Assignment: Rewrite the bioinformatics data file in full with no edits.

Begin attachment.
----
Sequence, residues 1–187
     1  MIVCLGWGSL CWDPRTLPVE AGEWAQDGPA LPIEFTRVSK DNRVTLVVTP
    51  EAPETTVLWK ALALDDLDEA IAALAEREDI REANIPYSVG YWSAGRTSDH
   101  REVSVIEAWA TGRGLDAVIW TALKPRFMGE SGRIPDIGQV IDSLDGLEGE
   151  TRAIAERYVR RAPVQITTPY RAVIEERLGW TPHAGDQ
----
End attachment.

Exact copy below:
Sequence, residues 1–187
     1  MIVCLGWGSL CWDPRTLPVE AGEWAQDGPA LPIEFTRVSK DNRVTLVVTP
    51  EAPETTVLWK ALALDDLDEA IAALAEREDI REANIPYSVG YWSAGRTSDH
   101  REVSVIEAWA TGRGLDAVIW TALKPRFMGE SGRIPDIGQV IDSLDGLEGE
   151  TRAIAERYVR RAPVQITTPY RAVIEERLGW TPHAGDQ